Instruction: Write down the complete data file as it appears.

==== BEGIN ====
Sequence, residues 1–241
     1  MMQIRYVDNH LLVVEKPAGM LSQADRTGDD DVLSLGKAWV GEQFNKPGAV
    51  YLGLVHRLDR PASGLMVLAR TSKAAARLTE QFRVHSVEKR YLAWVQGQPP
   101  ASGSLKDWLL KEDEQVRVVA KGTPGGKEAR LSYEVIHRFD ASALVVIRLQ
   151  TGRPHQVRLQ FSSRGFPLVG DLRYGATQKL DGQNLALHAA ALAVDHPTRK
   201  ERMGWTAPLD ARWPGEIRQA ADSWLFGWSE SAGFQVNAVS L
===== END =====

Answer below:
Sequence, residues 1–241
     1  MMQIRYVDNH LLVVEKPAGM LSQADRTGDD DVLSLGKAWV GEQFNKPGAV
    51  YLGLVHRLDR PASGLMVLAR TSKAAARLTE QFRVHSVEKR YLAWVQGQPP
   101  ASGSLKDWLL KEDEQVRVVA KGTPGGKEAR LSYEVIHRFD ASALVVIRLQ
   151  TGRPHQVRLQ FSSRGFPLVG DLRYGATQKL DGQNLALHAA ALAVDHPTRK
   201  ERMGWTAPLD ARWPGEIRQA ADSWLFGWSE SAGFQVNAVS L